Parliamentary bill with a new anti-corruption provision

Michael Tetzschner, Deputy Chairman of the Norwegian Parliament's Standing Committee on Scrutiny and Constitutional Affairs, has, together with Partner Jan Fougner and Wiersholm, proposed a new bill with clear parallels to the world's most up-to-date anti-corruption legislation – the UK Bribery Act.

Under the current rules, Norwegian companies are expected to take an active role in the fight against corruption and implement measures in that respect. In addition, companies are obliged to prevent acts of corruption under foreign anti-corruption legislation as well.

Do the companies' efforts pay off?

There is a lot indicating that they do not. Under the current rules, it is often unclear for companies what is expected of them in terms of prevention and how good compliance work and solid routines are supposed to pay off. For instance, there is often doubt as regards which acts of corruption a company is responsible for. And as regards prevention, this is currently only one element in the assessment of whether corporate penalty is to be imposed on a company.

Extensive changes

The proposed new provision is clearer and more predictable. Good prevention and thorough compliance work are to grant the company impunity.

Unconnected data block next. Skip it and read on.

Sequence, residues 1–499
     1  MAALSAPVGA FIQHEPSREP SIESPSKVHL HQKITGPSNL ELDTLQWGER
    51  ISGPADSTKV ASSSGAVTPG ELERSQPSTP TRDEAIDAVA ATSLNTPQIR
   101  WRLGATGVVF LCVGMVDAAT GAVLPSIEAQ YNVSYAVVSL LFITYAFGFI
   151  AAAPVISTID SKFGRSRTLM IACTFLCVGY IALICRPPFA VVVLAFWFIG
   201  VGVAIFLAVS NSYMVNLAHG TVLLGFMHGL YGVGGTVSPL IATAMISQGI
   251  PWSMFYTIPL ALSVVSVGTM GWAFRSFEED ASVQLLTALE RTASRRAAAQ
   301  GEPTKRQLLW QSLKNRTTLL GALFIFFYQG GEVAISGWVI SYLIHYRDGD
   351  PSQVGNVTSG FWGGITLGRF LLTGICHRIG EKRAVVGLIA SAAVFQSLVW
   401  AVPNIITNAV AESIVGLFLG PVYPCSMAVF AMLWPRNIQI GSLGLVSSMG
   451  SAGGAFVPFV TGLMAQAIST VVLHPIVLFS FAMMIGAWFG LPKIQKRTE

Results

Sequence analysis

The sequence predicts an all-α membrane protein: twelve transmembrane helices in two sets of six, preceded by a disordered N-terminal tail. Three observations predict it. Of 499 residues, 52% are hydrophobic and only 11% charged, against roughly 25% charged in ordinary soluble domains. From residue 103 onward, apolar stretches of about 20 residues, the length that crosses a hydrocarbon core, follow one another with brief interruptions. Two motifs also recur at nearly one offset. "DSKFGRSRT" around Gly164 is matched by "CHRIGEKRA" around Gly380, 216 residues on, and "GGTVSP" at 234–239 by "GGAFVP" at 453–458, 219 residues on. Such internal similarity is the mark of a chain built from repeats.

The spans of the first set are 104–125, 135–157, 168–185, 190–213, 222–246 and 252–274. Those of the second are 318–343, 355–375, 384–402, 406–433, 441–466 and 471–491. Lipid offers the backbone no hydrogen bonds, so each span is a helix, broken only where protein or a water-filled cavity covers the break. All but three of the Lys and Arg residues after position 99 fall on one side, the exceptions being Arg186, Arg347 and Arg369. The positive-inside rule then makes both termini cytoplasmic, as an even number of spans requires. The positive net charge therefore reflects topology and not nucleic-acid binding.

―Norwegian companies must take anti-corruption measures seriously and give greater priority to compliance work compared to what has previously been the case, says Partner and anti-corruption expert Jan Fougner. However, companies should only be punished for acts of corruption if the company has failed to implement and maintain anti-corruption systems and procedures. ―With the new bill, companies' anti-corruption measures and compliance work will therefore be rewarded to a greater extent and be given greater formal importance compared to the current rules, Fougner says.

Few objections

The bill will be brought before the Norwegian Parliament on the last day before Easter. It has already been circulated for comments from relevant bodies. – I have received few objections to the bill, said initiator Michael Tetzschner at Oslo Compliance Forum, hosted by Wiersholm, last week. ―I therefore believe that the bill will become Norwegian law very soon.